Brexit’s legacy: A Written Constitution for the UK – Nigel Thornton

‘[The British Constitution] presumes more boldly than any other the good sense and good faith of those who work it’.   W.E. Gladstone

Gladstone knew that to make our constitution work, we need sensible heads working with the best intentions.  The attributes are essential, he understood, because our constitution is a work of evolving practice and precedent, not of immutable law scribed on velum. It needs good people to make the right choices.

Both seem to be in very short supply at the moment.

And we had choices.  In the Committee stage of the EU Referendum Bill (see here), on the 16th June 2015 Alex Salmond of the SNP suggested an amendment that would have reflected our constitutional reality. He proposed that a decision for the UK to withdraw from the EU would have to be supported by both a majority of the whole of the UKand by majorities in each of its four constituent parts (England, Wales, Scotland and Northern Ireland); the so called ‘double majority requirement’.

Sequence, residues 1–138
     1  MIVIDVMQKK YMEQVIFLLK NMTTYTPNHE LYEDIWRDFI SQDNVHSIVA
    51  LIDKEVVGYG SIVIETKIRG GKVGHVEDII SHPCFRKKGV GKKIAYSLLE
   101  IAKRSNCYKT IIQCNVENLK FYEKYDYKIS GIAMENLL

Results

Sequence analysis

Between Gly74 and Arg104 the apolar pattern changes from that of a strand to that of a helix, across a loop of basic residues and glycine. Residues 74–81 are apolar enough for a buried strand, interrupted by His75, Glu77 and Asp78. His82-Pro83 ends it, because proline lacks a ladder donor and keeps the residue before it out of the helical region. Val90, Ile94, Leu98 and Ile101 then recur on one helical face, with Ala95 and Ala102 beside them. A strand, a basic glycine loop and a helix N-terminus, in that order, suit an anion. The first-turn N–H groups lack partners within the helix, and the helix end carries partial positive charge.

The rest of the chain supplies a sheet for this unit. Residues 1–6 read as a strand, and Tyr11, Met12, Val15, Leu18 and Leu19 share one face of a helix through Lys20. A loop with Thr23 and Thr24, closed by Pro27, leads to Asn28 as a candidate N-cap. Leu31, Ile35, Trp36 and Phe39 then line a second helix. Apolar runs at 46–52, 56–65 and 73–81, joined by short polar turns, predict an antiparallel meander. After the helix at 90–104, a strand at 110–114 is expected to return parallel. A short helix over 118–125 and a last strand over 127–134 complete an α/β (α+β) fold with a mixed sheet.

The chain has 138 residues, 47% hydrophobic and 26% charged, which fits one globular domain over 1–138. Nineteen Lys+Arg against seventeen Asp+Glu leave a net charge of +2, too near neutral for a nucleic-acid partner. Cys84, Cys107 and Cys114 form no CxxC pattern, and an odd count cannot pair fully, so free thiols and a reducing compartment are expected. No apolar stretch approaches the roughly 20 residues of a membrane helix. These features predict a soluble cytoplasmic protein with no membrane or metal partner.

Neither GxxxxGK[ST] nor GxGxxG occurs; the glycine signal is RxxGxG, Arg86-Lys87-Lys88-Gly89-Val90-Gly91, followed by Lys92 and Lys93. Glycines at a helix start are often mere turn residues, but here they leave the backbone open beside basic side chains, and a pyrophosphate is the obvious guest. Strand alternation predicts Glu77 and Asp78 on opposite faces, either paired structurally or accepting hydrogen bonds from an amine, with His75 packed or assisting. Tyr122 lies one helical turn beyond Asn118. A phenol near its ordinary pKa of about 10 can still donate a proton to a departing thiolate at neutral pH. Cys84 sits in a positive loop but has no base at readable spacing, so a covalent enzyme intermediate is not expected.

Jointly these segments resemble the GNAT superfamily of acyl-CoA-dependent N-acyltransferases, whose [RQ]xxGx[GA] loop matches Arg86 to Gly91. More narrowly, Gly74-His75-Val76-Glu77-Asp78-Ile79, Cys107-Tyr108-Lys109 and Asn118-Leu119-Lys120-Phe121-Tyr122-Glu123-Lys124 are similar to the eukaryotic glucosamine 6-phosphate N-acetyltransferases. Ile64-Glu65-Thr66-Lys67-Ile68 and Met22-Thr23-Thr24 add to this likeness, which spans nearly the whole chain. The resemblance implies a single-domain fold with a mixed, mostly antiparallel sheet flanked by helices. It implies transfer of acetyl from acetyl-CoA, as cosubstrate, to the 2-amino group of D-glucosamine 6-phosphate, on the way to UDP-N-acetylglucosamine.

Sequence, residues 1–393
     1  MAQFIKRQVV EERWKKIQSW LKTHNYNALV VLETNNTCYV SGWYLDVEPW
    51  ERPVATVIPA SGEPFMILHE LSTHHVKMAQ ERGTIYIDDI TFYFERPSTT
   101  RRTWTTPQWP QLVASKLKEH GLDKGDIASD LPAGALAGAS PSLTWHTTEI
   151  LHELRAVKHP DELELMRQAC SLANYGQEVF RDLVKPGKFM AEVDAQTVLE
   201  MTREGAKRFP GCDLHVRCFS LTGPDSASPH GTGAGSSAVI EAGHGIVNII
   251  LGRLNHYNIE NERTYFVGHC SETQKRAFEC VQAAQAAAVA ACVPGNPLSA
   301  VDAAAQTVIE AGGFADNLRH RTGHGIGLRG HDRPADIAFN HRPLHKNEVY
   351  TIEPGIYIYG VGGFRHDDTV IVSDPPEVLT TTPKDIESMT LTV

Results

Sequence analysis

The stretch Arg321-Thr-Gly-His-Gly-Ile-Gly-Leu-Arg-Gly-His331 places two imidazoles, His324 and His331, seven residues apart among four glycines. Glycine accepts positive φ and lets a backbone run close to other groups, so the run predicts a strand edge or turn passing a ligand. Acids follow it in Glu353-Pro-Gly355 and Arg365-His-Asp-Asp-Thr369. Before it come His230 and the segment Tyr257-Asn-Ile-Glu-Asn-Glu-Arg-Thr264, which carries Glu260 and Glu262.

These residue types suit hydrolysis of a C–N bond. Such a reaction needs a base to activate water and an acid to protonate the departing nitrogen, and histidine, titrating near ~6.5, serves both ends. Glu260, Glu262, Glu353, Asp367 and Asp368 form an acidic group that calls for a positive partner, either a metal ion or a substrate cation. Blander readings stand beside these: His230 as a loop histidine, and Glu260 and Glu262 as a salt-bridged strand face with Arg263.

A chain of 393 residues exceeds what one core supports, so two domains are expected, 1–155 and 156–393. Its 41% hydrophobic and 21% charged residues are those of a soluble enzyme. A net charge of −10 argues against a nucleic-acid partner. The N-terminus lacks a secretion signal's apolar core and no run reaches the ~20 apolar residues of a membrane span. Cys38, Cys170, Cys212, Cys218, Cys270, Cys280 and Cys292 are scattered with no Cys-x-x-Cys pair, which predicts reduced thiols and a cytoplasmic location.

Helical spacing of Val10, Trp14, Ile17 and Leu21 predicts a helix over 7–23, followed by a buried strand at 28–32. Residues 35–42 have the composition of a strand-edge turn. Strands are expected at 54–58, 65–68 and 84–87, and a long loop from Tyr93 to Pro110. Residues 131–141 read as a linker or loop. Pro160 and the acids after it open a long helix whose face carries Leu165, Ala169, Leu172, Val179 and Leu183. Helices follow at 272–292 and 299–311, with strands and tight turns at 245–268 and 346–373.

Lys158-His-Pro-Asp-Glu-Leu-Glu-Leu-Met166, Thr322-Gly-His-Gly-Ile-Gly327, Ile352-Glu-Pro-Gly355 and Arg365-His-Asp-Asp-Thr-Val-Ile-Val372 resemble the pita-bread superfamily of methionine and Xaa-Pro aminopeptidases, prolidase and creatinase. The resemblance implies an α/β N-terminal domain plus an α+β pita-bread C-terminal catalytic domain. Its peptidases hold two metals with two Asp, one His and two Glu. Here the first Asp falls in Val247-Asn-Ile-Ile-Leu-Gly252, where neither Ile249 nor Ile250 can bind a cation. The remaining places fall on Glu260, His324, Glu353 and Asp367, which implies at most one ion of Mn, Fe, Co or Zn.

Of course Salmond’s amendment was rejected. And here we are.

The UK has no clear mechanism for constitutional change, the point my Agulhas colleague, Marcus Cox, made in his recent blog on the UK’s ‘Constitutional Miasma’.

So I’d wager an MEP’s salary that one outcome of the Brexit vote will be a revisiting of Gordon Brown’s project to establish a modern written constitution for the UK.

If our constitution is written down, we might be able to better to protect ourselves from leaders who have neither good sense nor act in good faith.

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